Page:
OCTOBER 17, 2021 — TWENTY-NINTH SUNDAY IN ORDINARY TIME
IS 53:10-11; PS 33:4-5, 18-19, 20, 22; HEB 4:14-16; MK 10:35-45 OR 10:42-45
Our readings today convey how deeply God understands our weaknesses and sufferings, and how we are called to imitate Him through humility and service.
Our First Reading reminds us that Jesus suffered for us — “through his suffering, my servant shall justify many, and their guilt he shall bear.” Out of love for us, He willingly submitted to this to fulfill His Father’s mission.
Similarly, our Second Reading reminds us that the Son of God suffered, was tempted, and died for us. He is not distant from the reality that sin is among us, or that pain and sorrow affect us.
“For we do not have a high priest who is unable to sympathize with our weaknesses, but one who has similarly been tested in every way, yet without sin.” We have a God who personally understands each one of us and what we are going through each day of our lives.
It is easy to forget the humanity of our God. We might view Him as distant or out of touch. Yet, these readings help us recall that the Son of God lived among us. He lived through the tempting of the devil, the loss of loved ones, emotional agony, and physical pain, just as we do.
Jesus doesn’t look at us with anger when we fall into temptation or abandon us when we suffer. He knows it is hard and He is right there with us in those moments of complete shame and suffering.
St. Paul reminds us, “So let us confidently approach the throne of grace to receive mercy and to find grace for timely help.”
In our weak moments, instead of running from the Lord, we are called to turn to Him. For who could understand us better than the One who knows our hearts and infinitely loves us? He desires us to come to Him and ask for forgiveness when we fall, and for the strength to keep going when we are weak.
In our Gospel, we are reminded that Jesus went through all of this — becoming flesh, suffering, and dying — to serve us. Although He is God, He became man and surrendered His life into the hands of men so that we might be saved. The life of Jesus was centered around His Father’s mission and the service of mankind. And this is how we ought to live — in imitation of Christ.
James and John wanted to ensure they had a spot in heaven with Jesus. They were concerned about themselves in that moment, “Grant that in your glory we may sit one at your right and the other at your left.”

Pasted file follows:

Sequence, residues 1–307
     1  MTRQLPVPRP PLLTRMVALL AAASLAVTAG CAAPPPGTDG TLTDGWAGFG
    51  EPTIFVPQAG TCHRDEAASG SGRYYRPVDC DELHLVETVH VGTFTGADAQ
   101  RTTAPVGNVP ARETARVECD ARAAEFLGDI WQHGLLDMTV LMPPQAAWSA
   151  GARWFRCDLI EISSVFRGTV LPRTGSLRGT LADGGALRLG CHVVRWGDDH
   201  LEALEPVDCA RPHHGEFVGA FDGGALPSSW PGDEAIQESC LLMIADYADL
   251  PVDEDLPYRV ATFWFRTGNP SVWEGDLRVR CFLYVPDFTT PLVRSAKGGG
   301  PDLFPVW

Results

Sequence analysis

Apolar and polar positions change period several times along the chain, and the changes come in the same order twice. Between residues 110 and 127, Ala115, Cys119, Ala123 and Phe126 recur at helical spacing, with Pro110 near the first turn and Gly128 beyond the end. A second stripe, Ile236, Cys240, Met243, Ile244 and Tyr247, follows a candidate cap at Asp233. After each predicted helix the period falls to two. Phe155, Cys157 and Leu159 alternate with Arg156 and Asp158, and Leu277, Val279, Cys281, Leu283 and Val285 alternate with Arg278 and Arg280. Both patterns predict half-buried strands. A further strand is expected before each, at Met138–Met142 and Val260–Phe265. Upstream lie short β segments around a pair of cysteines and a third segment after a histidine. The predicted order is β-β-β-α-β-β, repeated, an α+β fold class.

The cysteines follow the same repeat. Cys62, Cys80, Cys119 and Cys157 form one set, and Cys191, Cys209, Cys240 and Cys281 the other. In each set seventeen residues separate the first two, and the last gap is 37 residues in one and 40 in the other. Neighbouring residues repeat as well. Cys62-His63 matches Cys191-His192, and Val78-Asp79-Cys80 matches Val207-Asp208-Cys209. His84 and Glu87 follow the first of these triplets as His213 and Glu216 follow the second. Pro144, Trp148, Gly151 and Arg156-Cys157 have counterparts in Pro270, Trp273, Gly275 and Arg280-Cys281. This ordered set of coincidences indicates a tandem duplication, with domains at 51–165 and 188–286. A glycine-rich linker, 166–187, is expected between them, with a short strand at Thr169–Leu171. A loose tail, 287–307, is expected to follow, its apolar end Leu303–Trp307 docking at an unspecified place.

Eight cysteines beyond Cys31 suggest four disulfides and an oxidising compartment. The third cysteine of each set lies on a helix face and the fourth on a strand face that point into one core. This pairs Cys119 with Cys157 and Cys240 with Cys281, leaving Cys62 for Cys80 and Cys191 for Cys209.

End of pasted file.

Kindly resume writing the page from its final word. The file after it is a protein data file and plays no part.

Jesus quickly reminded them, “whoever wishes to be great among you will be your servant; whoever wishes to be first among you will be the slave of all. For the Son of Man did not come to be served but to serve and to give his life as ransom for many.”
Our culture constantly encourages us to do what we can to get ahead in this world, to do what feels good, no matter the effects — that power, authority, and wealth should be our goals in life.
Our faith offers us something different and fulfilling — a life of humility and service. As Christian stewards, we are called to live our lives in service of God and neighbor, just as Jesus did. Our life is not about us. It is about fulfilling God’s glorious plan for each one of us.
Jesus did just that and it resulted in eternal life for all who seek it. So, we must ask ourselves, are we living out God’s plan for our lives? Is my life centered on Christ and those around me or is it centered on me?
It can be difficult to know God’s plan for our entire life. He sees the whole picture — we only see the now. All we can do is seek Him daily. If each day is centered on Him, then our entire lives will become the work of Jesus.
So let us make it our daily mission to do the will of God. It will look different for each one of us.
Today, let us recall that we have a loving God who completely understands us and sympathizes with us. He is waiting for us to call on Him for mercy and strength. Yet, let us also recall that our God challenges us to be imitators of Him by becoming humble servants for God and neighbor.